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Bruton Smith, auto retail and racing pioneer, dies

Ollen Bruton Smith was born March 2, 1927, in Oakboro, N.C. His passion for cars started at an early age; Smith sold used cars from his front lawn as a teenager and bought his first race car at 17. His time on the track was limited, though, as he gave up time behind the wheel because of his mother’s worries and requests.

Smith sold his first car, a 1939 Buick sedan, for a small profit and continued to sell cars from his mother’s front yard. The young entrepreneur also promoted his first race before he was 18 years old.

“I bought a race car for $700. The whole idea at that time was that I was going to be a race car driver,” Smith once explained. “I learned to drive, but that career didn’t last long.” His mother had other ideas and prayed to a higher authority. “She started fighting dirty,” laughed Smith in a 2005 interview with “You can’t fight your mom and God, so I stopped driving.”

It was during his teenage years that Smith began to promote dirt-track races.  He later would run the National Stock Car Racing Association and launched Charlotte Motor Speedway, which opened in 1960. When the speedway went bankrupt after a few years, Smith went back to selling cars, buying his first dealership in 1969. But along the way, Smith quietly began acquiring shares of the speedway and ultimately won control again.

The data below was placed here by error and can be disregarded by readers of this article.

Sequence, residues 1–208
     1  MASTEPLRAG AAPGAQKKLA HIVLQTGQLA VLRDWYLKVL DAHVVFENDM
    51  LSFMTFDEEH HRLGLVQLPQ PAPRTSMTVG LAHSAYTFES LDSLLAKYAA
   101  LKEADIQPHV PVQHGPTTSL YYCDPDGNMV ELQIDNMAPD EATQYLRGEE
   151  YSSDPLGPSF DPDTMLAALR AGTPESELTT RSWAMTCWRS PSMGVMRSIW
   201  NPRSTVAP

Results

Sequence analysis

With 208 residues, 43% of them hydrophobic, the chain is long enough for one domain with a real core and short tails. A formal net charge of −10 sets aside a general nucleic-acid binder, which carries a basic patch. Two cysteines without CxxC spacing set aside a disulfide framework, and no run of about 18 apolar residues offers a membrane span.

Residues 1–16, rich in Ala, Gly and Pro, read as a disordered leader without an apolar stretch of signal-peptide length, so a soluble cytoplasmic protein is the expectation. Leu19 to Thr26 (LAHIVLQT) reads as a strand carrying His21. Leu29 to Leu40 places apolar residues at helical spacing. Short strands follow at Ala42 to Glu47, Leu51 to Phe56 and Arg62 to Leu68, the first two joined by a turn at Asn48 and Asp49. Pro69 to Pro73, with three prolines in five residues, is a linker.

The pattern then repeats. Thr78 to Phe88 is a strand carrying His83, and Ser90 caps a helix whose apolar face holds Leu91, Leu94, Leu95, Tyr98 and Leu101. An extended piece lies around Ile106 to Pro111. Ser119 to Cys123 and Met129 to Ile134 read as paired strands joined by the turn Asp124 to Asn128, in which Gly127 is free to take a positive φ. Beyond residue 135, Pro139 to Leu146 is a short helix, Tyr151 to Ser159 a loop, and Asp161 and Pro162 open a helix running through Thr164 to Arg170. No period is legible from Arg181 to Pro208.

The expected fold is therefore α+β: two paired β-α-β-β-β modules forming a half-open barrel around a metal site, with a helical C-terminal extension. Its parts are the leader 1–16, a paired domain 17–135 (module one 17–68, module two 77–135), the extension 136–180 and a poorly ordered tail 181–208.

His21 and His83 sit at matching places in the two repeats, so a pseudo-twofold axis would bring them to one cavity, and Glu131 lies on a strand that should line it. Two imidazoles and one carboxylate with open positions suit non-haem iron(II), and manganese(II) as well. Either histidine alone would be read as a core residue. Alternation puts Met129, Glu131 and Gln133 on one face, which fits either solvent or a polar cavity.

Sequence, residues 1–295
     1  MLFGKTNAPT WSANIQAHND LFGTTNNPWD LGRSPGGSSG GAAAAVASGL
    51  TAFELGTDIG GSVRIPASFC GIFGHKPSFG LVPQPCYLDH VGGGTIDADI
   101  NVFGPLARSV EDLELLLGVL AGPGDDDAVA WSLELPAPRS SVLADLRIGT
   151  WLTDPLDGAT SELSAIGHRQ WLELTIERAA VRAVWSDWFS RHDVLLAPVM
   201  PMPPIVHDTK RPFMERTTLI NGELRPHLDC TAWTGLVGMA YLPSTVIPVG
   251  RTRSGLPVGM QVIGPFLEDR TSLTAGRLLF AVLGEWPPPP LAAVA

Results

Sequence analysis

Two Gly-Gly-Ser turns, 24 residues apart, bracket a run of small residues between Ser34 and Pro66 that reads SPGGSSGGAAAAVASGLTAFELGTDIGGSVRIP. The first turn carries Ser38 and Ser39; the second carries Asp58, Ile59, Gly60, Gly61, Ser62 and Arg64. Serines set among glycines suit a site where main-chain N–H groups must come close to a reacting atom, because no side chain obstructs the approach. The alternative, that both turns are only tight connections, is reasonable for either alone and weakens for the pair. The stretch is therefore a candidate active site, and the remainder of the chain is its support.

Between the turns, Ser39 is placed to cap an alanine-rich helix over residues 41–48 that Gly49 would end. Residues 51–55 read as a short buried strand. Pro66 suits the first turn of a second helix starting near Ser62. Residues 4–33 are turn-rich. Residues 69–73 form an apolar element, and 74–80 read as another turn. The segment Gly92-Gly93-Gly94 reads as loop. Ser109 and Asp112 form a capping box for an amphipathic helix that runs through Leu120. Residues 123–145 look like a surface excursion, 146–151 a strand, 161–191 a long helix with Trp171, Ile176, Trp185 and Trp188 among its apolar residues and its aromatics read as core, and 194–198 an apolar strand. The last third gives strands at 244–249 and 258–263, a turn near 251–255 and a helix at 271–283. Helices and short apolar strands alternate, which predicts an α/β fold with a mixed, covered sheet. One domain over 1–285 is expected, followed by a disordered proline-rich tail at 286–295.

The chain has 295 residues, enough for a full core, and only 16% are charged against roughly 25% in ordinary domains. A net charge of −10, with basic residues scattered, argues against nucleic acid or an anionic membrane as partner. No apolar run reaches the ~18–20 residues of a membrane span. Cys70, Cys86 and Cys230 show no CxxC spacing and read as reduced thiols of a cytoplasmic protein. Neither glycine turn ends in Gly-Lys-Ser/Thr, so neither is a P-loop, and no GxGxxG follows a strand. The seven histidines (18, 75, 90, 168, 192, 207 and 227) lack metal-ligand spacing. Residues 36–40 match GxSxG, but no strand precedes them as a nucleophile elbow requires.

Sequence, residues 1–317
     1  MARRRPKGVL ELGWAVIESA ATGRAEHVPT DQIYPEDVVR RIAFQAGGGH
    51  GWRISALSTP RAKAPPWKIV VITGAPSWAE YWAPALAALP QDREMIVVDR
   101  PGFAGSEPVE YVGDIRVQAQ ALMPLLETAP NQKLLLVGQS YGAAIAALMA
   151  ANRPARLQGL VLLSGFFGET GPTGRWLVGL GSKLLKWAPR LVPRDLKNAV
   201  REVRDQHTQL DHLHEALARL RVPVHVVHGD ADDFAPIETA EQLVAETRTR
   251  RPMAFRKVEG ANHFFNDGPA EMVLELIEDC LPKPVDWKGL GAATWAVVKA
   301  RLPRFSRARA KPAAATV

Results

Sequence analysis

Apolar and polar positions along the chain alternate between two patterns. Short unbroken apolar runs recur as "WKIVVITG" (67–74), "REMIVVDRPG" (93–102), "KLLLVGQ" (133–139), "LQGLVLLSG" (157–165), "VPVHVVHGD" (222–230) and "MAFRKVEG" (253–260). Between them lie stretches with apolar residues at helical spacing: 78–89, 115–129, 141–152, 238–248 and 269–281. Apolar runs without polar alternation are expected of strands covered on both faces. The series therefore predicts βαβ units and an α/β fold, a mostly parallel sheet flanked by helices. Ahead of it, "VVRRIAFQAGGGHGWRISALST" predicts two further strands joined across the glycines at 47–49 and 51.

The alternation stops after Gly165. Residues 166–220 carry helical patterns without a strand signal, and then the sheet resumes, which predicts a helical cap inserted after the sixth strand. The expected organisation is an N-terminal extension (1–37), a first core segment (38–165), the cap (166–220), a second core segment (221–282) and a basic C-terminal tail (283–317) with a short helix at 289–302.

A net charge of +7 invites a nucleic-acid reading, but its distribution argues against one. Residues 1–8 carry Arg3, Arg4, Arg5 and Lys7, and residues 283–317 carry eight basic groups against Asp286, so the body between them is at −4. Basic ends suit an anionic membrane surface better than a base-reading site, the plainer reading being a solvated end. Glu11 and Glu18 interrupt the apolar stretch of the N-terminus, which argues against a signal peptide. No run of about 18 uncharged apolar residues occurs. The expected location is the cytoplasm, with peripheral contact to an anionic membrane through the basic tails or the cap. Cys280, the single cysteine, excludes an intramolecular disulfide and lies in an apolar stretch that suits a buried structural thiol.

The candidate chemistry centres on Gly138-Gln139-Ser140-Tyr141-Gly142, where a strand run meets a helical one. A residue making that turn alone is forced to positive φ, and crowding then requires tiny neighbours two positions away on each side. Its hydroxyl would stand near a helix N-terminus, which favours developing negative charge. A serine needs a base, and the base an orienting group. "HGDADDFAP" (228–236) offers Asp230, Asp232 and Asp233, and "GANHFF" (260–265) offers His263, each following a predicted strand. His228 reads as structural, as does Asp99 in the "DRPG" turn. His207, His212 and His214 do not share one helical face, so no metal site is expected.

“There was a whole lot of unrest with the drivers and car owners at that time,” Smith recalled. “We had a meeting and I was unlucky enough to be appointed a committee of one to promote a race. I had never done that, but I promoted a race in Midland, North Carolina, and I made a little bit of money, so I thought I’d try it again.”

In his early 20s, Smith was drafted and served two years as a paratrooper stateside during the Korean War, briefly interrupting his career as a promoter and car salesman. When he was released from active duty, he resumed selling cars and promoting auto races featuring the National Association for Stock Car Auto Racing.

For years, Smith maintained a modest office at Town and Country Ford in Charlotte near Sonic’s headquarters.

In 2007, Smith described taking the dealerships public as the “wave of the future.”

“These things require so much money today that you almost have to go public,” he told Automotive News. “Or you have to have eight or 10 rich uncles that pass away and leave you a huge inheritance.”

Smith’s work ethic was admired, and he was vocal about wanting to remain involved with the business. His son Marcus Smith told The New York Times in 2008 that his father loved to be “in the thick of things” and would jump in to help sell a vehicle or direct traffic if he spotted a traffic jam at a speedway.

In a June 2019 interview with Automotive News, David Smith said his father remained active in the business and “would probably call any minute.” Bruton Smith was credited with selling the first car at Sonic’s EchoPark store in Charlotte, N.C., in fall 2018, David Smith said.

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